Study examines safety of COVID-19 vaccination during lactation

As more and more women have become pregnant and delivered over the long-drawn-out pandemic of coronavirus disease 2019 (COVID-19), caused by the severe acute respiratory syndrome coronavirus 2 (SARS-CoV-2), it has become important to extend the benefits of vaccination to them as well. This is despite the lack of definitive efficacy and safety data in this cohort, largely because this group has not been included in early vaccine trials.

A new preprint, recently released on the medRxiv* server, reports from real life in a cohort of mother-child dyads in Singapore. The mothers were lactating after having received COVID-19 vaccination.

No serious side effects of COVID-19 vaccination

The mothers all received two doses of the Pfizer/BioNTech BNT162b2 vaccine, which is based on a messenger ribonucleic acid (mRNA) platform that encodes the wildtype SARS-CoV-2 spike antigen, to be expressed within the host cells and trigger an immune response. The two doses were 21 days apart.

The study was carried out at 28 days from the second day, using a questionnaire to elicit side effects. These were then evaluated for their possible relationship to vaccination.

The researchers found that about a quarter of the women reported any side effects following vaccination. No serious adverse events were described. This corroborates the findings of earlier studies.


The study was intended to explore potential beneficial and adverse outcomes following vaccination. Vaccination is intended to protect the mother against symptomatic SARS-CoV-2 infection, and also the infant via the transfer of antibodies in breast milk.

Earlier studies showed that a few women experienced a decline in the production of milk and/or mastitis following vaccination. These are common events in early lactation, however.

The current study aimed to investigate whether these effects were more frequent in this group to enable better guidance to be provided to women considering vaccination while lactating.

The researchers specifically looked for axillary lymph node enlargement, which drains most of the breast tissue. Their theory was that the robust immunogenicity of the vaccine might increase the incidence of this side effect. They also asked about mastitis and breast engorgement, besides other systemic or local adverse events.

What were the findings?

Among the 88 dyads who were analyzed over the one month during which the study was carried out, asthma, allergic rhinitis, alpha thalassemia minor and thyroid cancer were present in a small number. Over 80% were practicing exclusive breastfeeding, while the others also used infant formula.

Over three-quarters began breastfeeding within 72 hours of vaccination. The mean age of the breastfed infants was 10 months.

Two-thirds of the women said they had pain, redness or swelling at the injection site, but none had serious allergic reactions, and none required hospital admission.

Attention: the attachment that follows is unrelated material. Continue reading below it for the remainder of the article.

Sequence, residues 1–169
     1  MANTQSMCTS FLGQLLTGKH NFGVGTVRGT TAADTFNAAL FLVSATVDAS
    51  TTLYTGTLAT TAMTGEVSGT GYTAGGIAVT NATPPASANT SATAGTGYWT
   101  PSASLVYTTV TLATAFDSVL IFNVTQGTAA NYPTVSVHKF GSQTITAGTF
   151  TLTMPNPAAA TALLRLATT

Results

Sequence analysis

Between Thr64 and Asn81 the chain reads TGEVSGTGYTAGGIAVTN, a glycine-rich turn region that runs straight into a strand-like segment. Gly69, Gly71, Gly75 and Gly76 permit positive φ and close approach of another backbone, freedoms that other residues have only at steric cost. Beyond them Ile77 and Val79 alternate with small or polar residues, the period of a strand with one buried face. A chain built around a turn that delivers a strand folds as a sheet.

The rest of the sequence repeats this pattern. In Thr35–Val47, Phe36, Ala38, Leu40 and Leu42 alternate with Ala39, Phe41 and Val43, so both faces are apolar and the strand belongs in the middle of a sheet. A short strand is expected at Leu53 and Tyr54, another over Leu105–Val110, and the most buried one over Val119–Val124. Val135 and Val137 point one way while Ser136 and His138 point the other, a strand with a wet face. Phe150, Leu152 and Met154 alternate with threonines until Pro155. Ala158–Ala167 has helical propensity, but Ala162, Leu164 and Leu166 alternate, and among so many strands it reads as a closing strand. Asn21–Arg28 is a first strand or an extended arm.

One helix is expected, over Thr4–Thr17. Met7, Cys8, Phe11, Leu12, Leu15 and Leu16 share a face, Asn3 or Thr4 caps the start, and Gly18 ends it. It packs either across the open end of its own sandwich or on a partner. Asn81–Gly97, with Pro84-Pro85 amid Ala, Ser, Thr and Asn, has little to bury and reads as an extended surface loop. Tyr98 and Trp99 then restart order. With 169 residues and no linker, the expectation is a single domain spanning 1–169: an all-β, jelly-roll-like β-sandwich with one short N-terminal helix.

Approximately 6% of the women said they had enlarged axillary or cervical glands, while 3% had mastitis. One woman said she had breast engorgement, but this resolved within a day and did not compromise milk production.

Milk supply remained intact throughout the study period, though one woman said she noticed a faint change in color, with a bluish-green tint, only after the first dose of the vaccine.

No infant was reported to have any adverse events, including fever, cough, vomiting or diarrhea, or behavioral changes after the mother was vaccinated.

What are the implications?

This is the first cohort study directed at assessing the adverse events in mothers and children following mRNA vaccination in a cohort of breastfeeding women. It shows that there is little risk of concerning adverse events, lymph node enlargement.

Despite the presence of this symptom in 6% (reported as 0.3% in Pfizer trial data), these women did not report inflamed or engorged breasts. The higher incidence may be because it was specifically enquired about in this study, unlike in the trial, which could have led to mild lymph node enlargement going unnoticed.

Mastitis and breast engorgement occurred at expected rates in the vaccinated group. The infants also appeared to be completely unaffected by the vaccine, and the milk supply remained unchanged.

Our findings suggest that the BNT162b2 vaccination is well tolerated in lactating women and not associated with short term adverse effects in their breastfed infants,” write the researchers.

This supports current recommendations that vaccinated women who are lactating continue to breastfeed without interruption, in view of the vaccine's safety.

*Important notice>

medRxiv publishes preliminary scientific reports that are not peer-reviewed and, therefore, should not be regarded as conclusive, guide clinical practice/health-related behavior, or treated as established information.

Journal reference:
Dr. Liji Thomas

Written by

Dr. Liji Thomas

Dr. Liji Thomas is an OB-GYN, who graduated from the Government Medical College, University of Calicut, Kerala, in 2001. Liji practiced as a full-time consultant in obstetrics/gynecology in a private hospital for a few years following her graduation. She has counseled hundreds of patients facing issues from pregnancy-related problems and infertility, and has been in charge of over 2,000 deliveries, striving always to achieve a normal delivery rather than operative.


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